Robert Appelbaum
 
(3)----------------------------------------------------------------------------
From:           William Proctor Williams <
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Date:           Monday, 16 Oct 95 21:52 CDT
Subject: 6.0793  Re: Historical Fact
Comment:        Re: SHK 6.0793  Re: Historical Fact
 
I really do not wish to jump into this controversy, but I feel I must.  Don't
we have the "death certificate" fact that Elizabeth I died on 24 March 1602/3?
If she didn't, is she still alive?
 
The important issues must be: what did it mean?  why did James VI become James
I of England?  What did that mean for politics, religion, literature, and us?
 
When I die the "fact," I would have thought, is that I am dead.  The questions
for people to ponder and discuss:
 
1.  did he not hear the train?
2.  did someone distract him so he did not hear the train?
3.  did someone trip him so he fell under the train?
4.  did he have a fit a fall under the train?
5.  did someone push him in front of the train?
6.  was he reading +Hamlet+ and just walk in front of the train?
7.  he saw the train as his destiny and tried to grasp it?
8.  fate?
9.  he was drunk?
10. the entire English department saw this as a way to get another tenure-track
    position?
 
Some of these are odd, some are a little odd, but all should be considered.
 
My point is, that I am dead is a fact, the reason why I am dead is not.
 
Does this help?  Probably not.
 
William Proctor Williams
 
(4)----------------------------------------------------------------------------
From:           W. L. Godshalk <
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Date:           Monday, 16 Oct 1995 22:59:30 -0500 (EST)
Subject: 6.0793  Re: Historical Fact
Comment:        Re: SHK 6.0793  Re: Historical Fact
 
Would it help to distinguish between "data" (raw, uninterpreted evidence) and
"facts" (primary interpretations of this data)?  William Ingram, *The Business
of Playing,* has a good discussion of "data" and "fact" vis-a-vis Shakespeare's
marriage in his first chapter.
 
Yours, Bill Godshalk
 
(5)----------------------------------------------------------------------------
From:           Michael Yogev <
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Date:           Tuesday, 17 Oct 95 09:32:30 IST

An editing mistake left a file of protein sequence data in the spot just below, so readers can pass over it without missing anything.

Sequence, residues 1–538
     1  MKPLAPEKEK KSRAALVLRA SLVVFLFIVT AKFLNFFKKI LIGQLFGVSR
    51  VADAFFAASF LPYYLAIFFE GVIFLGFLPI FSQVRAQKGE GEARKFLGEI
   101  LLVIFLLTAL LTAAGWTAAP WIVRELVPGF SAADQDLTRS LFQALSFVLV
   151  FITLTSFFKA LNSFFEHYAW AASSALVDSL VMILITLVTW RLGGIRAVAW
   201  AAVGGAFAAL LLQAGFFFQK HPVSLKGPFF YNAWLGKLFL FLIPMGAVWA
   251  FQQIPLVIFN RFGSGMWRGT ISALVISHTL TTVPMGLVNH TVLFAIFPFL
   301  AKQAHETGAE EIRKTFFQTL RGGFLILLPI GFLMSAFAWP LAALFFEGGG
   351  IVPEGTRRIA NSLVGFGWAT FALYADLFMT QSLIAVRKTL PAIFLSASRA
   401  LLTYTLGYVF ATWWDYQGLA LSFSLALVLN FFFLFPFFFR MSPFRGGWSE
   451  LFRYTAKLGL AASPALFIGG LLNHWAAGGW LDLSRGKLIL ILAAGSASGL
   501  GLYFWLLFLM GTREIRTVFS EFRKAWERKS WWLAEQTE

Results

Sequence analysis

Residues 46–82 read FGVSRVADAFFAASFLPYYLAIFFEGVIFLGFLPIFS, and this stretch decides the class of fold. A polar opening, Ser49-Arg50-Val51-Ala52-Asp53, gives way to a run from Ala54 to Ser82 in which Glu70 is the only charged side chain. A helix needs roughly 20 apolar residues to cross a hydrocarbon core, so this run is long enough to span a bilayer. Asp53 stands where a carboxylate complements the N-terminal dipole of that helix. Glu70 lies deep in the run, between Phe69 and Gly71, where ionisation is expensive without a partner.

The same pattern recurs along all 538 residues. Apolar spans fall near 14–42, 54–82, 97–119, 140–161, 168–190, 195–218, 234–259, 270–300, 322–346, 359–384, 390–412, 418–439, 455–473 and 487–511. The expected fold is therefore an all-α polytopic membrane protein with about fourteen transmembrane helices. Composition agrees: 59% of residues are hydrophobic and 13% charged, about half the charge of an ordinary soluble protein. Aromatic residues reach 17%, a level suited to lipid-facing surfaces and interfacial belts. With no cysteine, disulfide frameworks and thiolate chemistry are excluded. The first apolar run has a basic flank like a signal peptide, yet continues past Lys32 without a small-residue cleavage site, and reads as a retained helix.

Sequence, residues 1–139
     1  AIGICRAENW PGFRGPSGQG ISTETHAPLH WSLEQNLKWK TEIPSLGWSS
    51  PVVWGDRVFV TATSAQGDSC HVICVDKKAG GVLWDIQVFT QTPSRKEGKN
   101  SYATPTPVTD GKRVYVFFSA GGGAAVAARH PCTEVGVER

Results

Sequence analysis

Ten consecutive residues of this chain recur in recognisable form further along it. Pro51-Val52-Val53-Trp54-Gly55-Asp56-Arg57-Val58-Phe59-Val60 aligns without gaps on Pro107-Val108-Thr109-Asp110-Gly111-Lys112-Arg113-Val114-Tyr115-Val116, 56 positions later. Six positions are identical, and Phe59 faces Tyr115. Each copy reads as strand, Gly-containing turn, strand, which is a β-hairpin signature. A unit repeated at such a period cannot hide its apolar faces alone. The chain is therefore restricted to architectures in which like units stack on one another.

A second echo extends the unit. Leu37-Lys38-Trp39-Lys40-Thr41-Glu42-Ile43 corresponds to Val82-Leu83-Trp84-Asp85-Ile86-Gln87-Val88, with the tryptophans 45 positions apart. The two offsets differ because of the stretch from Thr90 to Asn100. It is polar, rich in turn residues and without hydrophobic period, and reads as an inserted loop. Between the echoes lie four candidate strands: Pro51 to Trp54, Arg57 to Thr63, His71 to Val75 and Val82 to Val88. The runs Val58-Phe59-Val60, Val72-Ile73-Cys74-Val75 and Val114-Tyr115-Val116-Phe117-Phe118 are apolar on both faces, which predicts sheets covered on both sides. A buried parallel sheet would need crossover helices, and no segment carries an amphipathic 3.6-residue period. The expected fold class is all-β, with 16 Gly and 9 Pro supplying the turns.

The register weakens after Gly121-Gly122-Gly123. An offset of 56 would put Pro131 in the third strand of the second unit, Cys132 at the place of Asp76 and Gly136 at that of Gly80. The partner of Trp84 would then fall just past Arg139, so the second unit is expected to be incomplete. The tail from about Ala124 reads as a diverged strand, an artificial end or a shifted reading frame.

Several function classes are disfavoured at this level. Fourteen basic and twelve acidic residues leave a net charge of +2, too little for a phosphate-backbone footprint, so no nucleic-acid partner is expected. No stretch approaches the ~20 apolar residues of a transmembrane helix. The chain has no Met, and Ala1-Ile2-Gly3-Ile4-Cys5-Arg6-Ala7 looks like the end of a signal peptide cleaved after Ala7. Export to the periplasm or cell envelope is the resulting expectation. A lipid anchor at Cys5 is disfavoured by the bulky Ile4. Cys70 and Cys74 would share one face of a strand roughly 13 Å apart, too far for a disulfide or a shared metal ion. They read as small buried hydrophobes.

Subject: 6.0793  Re: Historical Fact
Comment:        Re: SHK 6.0793  Re: Historical Fact
 
In the spirit of the debate/critique of "fact" vs. "interpretation/opinion" it
seems to me that William Blake's notion of a "contrary" might be a most useful
and even essential idea to consider.  Basically, Blake saw too many "Negations"
like Body/soul, reason/imagination as the guiding errors of his day, and he set
about trying to show that without recognizing the interconnectedness and indeed
the essential reliance of each of these concepts on their paired "other" we
fall into a situation in which one concept attempts to annihilate its other, or
"negate" it.  It's not that Blake saw Derrida's binary oppositions coming, but
rather that he recognized in his peculiarly Romantic way that all so-called
"facts" are a function of perception, AND that perception is likewise inescap-
ably a function of "facts."  Hence he coined his version of a new, non-negative
relationship of tense coexistence and interrelationship, "Contrary."  When he
states that "Without Contraries is no Progession" (Marriage of Heaven and Hell)
he means, I think, that the sort of tense and even acrimonious discussions we
have witnessed over the past weeks on SHAKSPER are very important to progress
in "Mental War and Hunting" as long as no-one tries to turn them into negations
or domination.  This is of course to take sides with those who recognize the